From Gaijin to Naijin: Becoming an Insider in Japan
Japan is a country well known for its strong homogeneity, purity of culture and traditions, and robust group identity. For no matter how long one might have lived in Japan, one would still likely be seen as a gaijin 外人- literally translated as outsider 外 person 人. Despite an increase in mixed-race population, half-Japanese (hafu) born and raised in Japan are still not considered as fully Japanese.
My move to this country was the beginning of my transformation from a gaijin to a camouflaged one living in Oita Prefecture in Southern Japan. My Asian face allowed me to somewhat blend in among strangers in public spaces. But everything else about me - my behavior, demeanor, and general lack of awareness - initially stuck out like a sore thumb in a country where fitting in, not sticking out, is a cultural norm.
Three years of living in rural Japan and countless hours of language study, hundreds of embarrassing language blunders, and many an awkward cultural faux pas later, I finally felt more “in” than out in the Land of the Rising Sun, more accepted as “one of them” rather than as an outsider, more at home and at peace than I’d ever been at that point in my life. Some key concepts have helped me in my transformation into what I lovingly refer to as a naijin 内人- an “insider.”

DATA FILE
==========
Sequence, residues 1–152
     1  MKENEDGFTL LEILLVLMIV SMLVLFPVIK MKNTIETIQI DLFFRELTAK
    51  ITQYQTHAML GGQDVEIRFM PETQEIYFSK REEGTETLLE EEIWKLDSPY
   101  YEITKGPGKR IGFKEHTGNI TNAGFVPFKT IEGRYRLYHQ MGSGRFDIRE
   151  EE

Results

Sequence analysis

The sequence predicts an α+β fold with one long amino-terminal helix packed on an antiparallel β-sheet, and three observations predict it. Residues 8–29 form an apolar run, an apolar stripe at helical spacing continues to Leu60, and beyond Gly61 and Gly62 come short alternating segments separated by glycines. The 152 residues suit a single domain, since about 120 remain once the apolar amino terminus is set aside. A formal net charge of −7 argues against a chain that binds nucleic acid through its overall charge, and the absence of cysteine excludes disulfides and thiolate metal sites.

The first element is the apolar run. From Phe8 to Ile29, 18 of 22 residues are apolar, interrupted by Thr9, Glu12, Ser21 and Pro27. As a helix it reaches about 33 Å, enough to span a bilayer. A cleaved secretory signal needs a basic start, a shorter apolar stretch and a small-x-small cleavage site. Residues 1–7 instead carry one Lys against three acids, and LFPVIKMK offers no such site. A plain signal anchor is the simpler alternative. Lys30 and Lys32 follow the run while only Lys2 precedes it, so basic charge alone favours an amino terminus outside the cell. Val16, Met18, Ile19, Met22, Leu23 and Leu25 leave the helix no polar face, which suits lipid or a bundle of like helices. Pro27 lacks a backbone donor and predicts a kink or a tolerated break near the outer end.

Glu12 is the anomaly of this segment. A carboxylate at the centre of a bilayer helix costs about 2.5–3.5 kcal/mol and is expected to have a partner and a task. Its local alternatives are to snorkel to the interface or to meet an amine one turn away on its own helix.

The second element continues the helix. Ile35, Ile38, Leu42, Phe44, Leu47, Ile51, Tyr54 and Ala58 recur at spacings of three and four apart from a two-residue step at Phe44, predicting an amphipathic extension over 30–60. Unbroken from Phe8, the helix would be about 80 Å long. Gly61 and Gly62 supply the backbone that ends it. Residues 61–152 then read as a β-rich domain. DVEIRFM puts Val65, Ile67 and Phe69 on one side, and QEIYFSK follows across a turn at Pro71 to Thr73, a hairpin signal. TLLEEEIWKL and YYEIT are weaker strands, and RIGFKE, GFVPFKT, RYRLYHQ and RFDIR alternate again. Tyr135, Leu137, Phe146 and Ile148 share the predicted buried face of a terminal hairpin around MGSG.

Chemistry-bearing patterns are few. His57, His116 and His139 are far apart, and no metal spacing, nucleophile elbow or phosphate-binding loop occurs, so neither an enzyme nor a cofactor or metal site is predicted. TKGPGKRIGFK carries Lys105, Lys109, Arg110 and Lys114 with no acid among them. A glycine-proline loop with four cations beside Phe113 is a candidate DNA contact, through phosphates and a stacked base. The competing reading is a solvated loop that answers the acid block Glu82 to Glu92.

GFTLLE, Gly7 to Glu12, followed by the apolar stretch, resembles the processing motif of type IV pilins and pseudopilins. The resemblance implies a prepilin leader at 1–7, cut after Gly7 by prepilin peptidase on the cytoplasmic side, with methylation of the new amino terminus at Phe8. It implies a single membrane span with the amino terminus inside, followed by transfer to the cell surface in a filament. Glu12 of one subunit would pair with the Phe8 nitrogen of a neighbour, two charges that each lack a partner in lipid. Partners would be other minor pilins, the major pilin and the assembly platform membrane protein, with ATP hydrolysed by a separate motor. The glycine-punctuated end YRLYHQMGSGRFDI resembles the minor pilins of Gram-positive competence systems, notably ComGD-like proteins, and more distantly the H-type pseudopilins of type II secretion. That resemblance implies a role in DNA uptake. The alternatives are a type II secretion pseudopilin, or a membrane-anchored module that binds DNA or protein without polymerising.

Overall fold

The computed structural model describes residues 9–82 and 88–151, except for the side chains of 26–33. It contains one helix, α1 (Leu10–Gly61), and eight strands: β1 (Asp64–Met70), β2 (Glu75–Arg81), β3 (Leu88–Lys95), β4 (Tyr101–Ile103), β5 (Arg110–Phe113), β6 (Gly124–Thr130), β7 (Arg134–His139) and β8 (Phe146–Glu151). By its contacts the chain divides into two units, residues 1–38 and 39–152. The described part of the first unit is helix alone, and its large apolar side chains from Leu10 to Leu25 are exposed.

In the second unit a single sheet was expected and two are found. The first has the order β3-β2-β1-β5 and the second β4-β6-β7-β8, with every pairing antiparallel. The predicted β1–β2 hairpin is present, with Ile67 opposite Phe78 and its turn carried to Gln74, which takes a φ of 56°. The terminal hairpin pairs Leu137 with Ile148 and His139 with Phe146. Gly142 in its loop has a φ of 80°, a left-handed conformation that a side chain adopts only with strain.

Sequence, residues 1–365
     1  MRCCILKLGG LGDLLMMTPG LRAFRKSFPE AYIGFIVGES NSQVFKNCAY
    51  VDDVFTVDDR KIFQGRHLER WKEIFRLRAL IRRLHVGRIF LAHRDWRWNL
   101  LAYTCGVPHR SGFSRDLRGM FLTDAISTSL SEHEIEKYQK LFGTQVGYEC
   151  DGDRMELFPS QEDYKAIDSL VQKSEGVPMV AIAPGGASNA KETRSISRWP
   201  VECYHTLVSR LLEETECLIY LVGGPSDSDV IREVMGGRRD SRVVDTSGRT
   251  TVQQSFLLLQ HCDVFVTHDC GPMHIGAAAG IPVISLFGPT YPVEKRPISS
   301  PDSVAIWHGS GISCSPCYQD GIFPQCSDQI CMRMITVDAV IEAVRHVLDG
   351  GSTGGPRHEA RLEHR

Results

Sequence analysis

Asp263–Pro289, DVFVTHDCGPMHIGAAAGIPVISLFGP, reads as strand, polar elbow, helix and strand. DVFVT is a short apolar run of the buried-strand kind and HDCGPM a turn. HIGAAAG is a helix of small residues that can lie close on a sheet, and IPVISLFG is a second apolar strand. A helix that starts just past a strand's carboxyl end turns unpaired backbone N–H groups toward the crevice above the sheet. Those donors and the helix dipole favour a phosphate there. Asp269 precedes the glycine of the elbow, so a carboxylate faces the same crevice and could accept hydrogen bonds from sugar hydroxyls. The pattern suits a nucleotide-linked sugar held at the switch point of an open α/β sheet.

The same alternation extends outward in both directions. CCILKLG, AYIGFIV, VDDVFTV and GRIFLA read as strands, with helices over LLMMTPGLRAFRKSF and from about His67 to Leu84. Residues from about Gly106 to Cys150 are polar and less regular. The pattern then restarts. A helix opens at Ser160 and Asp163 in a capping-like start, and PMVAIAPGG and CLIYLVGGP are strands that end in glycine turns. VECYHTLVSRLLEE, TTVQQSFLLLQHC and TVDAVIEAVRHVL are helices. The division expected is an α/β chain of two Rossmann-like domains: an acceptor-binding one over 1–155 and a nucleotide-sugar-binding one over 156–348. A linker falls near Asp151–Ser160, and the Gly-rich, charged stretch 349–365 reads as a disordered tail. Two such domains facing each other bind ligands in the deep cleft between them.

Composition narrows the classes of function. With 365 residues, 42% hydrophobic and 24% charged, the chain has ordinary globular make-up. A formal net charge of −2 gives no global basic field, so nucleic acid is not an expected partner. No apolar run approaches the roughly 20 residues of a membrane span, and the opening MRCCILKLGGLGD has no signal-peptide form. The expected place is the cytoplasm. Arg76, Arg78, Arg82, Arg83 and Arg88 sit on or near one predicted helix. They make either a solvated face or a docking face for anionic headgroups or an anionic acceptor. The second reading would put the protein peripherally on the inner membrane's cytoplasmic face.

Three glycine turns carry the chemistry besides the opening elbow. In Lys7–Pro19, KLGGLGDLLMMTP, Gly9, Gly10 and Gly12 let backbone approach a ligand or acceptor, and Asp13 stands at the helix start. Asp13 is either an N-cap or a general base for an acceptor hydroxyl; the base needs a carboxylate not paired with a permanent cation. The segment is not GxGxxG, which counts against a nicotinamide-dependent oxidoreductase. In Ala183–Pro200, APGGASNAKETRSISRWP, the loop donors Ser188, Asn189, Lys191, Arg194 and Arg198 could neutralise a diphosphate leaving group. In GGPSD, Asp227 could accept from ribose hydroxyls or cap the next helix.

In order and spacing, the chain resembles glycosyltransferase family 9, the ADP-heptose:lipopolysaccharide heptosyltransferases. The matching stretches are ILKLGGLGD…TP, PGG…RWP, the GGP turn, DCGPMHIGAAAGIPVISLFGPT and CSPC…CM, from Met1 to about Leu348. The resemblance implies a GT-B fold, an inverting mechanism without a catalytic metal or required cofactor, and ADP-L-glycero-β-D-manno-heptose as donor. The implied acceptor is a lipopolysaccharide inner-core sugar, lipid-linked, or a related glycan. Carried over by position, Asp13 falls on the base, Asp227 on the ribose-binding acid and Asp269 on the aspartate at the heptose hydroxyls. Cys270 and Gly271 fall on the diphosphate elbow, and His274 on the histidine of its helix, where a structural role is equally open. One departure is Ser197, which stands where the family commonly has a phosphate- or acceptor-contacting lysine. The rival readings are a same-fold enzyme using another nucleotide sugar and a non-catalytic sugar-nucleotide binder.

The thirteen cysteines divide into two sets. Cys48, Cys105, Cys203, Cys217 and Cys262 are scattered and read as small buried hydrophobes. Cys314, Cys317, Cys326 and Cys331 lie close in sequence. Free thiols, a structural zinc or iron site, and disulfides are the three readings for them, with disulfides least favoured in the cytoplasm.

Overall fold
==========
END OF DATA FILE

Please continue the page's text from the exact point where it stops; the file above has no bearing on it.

The concept of amae, roughly translated as dependence, cannot be understated in a group-oriented society. Amae is the desire to be in good favor with or the ability to depend on the people around oneself; it’s the basic component in forging and navigating social relationships.
When I first moved into my new apartment in Japan, I was humbled by my inability to do anything at all without the help of others. Getting internet? Couldn’t do that without someone speaking on the phone on my behalf. Boarding public transportation? Not without someone’s help interpreting complicated maps and signage. At work? It didn’t matter that my job experience matched the job requirements - I had to learn procedures and protocols written in layers of implicit cultural rules to do my job well.
With lots patience and determination, I forged relationships with Japanese friends colored by amae.